An Alternative Success Story p. 84

By: Tony Case Woodstock-era entrepreneur celebrates 25th anniversary of his biweekly, free-distribution entertainment tabloid sp.

AFTER 25 YEARS and 10,000 music, film, theater and restaurant reviews, publisher Richard Branciforte is ready to celebrate.
Fresh out of graduate school in April 1969, the Woodstock-era entrepreneur started Good Times, a biweekly entertainment tabloid distributed free at more than 400 retail outlets and college campuses throughout Long Island, N.Y.
Since then, the 20,000-circulation paper ? which bills itself as "America's oldest regional entertainment paper" ? has captured the attention of readers in their 20s and 30s, built a strong advertising base and introduced color in some editions.
Entertainment news has gained popularity through the years, but Branciforte remembers having the field practically to himself.
During the past three decades, magazines such as People and Entertainment Weekly, television programs such as Entertainment Tonight and the cable networks MTV and E! Entertainment Television found tremendous success.
Before their advent, competition came in the form of daily newspapers, which have stepped up their concentration on entertainment and the arts through the years. Many larger papers even devote entire pullout sections to these areas.
But Branciforte believes that Good Times and publications like it have an edge over the big guys, especially the dailies.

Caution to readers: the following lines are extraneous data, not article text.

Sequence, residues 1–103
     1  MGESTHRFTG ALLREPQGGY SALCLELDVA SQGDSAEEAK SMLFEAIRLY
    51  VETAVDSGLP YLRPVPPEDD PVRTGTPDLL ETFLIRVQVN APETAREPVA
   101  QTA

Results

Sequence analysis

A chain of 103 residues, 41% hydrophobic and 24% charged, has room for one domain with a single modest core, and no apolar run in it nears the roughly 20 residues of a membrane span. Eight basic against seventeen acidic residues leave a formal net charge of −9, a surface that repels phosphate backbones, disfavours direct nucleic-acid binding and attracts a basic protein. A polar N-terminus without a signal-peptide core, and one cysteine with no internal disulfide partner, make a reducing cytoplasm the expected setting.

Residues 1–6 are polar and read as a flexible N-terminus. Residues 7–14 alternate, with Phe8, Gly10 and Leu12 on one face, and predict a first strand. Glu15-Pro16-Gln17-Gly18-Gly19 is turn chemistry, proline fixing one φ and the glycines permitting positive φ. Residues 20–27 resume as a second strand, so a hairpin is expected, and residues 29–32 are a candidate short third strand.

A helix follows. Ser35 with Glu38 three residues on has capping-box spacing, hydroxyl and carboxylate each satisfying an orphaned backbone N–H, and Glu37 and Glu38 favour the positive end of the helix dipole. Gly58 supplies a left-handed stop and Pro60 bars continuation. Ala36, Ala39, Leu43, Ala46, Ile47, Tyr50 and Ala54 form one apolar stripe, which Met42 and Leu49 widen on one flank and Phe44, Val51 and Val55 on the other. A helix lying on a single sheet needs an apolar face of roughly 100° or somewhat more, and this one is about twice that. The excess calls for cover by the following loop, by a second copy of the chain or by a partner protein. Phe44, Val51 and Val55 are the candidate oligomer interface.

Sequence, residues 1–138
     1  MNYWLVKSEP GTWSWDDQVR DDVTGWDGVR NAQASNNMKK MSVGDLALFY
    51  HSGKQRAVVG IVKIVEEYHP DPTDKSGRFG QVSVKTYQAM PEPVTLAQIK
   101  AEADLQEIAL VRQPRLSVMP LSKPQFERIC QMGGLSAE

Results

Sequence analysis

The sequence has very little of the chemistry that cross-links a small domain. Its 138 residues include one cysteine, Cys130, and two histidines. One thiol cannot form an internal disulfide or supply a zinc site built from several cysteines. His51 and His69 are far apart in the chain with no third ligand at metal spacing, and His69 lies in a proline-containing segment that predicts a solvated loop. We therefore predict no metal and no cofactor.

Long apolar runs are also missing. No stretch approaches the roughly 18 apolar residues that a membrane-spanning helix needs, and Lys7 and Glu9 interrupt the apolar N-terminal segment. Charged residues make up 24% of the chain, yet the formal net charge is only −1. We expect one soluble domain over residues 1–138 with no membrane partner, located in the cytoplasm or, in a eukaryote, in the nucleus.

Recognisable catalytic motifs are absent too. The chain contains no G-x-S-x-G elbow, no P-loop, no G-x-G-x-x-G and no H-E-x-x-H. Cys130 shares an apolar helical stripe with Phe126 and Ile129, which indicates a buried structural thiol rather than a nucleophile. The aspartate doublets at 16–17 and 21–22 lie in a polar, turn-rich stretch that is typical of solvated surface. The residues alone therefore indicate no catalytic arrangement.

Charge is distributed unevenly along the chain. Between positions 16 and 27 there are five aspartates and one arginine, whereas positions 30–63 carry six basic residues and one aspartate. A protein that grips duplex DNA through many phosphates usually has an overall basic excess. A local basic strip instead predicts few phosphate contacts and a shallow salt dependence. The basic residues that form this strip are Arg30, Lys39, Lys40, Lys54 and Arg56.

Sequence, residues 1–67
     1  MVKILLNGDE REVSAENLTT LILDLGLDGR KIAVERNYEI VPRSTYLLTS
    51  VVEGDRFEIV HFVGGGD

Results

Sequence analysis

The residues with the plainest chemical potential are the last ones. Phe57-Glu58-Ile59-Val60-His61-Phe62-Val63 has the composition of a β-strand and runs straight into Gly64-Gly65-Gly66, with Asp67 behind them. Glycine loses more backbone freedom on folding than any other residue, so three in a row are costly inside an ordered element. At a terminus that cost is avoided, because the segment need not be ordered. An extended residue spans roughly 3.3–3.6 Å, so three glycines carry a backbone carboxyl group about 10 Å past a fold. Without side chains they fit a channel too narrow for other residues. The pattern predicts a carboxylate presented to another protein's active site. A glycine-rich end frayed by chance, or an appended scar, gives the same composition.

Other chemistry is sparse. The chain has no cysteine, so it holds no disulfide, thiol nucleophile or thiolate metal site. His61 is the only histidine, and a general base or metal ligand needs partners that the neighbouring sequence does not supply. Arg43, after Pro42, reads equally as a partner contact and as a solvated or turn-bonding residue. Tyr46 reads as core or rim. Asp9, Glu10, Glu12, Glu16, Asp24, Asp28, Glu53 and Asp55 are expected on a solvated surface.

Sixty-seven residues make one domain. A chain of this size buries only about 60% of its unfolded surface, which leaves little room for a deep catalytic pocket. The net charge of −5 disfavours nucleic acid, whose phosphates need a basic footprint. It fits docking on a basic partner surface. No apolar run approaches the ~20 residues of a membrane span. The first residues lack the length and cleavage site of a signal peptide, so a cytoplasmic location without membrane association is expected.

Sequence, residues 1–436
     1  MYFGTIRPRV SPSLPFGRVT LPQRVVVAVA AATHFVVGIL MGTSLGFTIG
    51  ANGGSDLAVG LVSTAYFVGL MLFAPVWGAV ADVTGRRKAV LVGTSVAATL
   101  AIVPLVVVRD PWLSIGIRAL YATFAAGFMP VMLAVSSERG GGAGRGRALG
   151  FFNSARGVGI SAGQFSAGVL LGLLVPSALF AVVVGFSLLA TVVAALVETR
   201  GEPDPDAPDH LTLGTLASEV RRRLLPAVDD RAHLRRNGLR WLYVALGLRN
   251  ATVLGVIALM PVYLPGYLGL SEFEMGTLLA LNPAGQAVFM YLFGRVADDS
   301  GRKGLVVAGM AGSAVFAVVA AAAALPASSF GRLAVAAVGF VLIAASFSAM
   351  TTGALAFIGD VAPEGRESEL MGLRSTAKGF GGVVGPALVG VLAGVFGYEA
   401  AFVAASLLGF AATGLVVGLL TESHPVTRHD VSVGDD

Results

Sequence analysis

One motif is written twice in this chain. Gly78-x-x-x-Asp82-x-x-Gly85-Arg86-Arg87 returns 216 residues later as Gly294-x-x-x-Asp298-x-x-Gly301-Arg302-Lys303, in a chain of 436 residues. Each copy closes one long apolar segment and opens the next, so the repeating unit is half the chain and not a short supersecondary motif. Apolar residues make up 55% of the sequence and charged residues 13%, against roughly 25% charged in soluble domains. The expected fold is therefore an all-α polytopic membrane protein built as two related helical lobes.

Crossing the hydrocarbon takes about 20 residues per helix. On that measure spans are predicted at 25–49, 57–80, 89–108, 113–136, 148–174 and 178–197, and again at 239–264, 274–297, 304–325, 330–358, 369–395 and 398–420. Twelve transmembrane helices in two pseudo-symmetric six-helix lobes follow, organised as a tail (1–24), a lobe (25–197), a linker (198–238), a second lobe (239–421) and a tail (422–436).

"Alternative papers across the country are very lucky because daily newspapers have never figured out how to put out entertainment papers," he said.
Entertainment coverage in his paper's chief competitor, Newsday, which is based in Melville and distributed throughout Long Island, remains largely Manhattan-oriented, Branciforte observed.
"One of the biggest complaints we get is that people don't want to read reviews of acts that have appeared or about things that are going on in Manhattan," he said.
"They want to know what's happening on Long Island."
Branciforte maintained that the newcomers, as well as other factors, forever have changed the face of entertainment journalism.
When Good Times first appeared, landing interviews with then-unknown performers such as Elton John or Bruce Springsteen was not so difficult, he said.
Today, media outlets fight to the death to get the next big star on their magazine cover or talk show.
Particularly annoying obstacles are the teams of publicists, managers and agents hired to protect their clients from the press.
Their outrageous demands regarding the portrayal of stars in stories and photos are well-documented. Some are known for recommending their favorite reporters and photographers; others insist on seeing stories before they are printed or aired.
Branciforte related, "In the old days, nobody was interested in doing an interview with anybody except a major, major act. Daily newspapers weren't interested in covering them, so we used to get called by everybody to do interviews and reviews."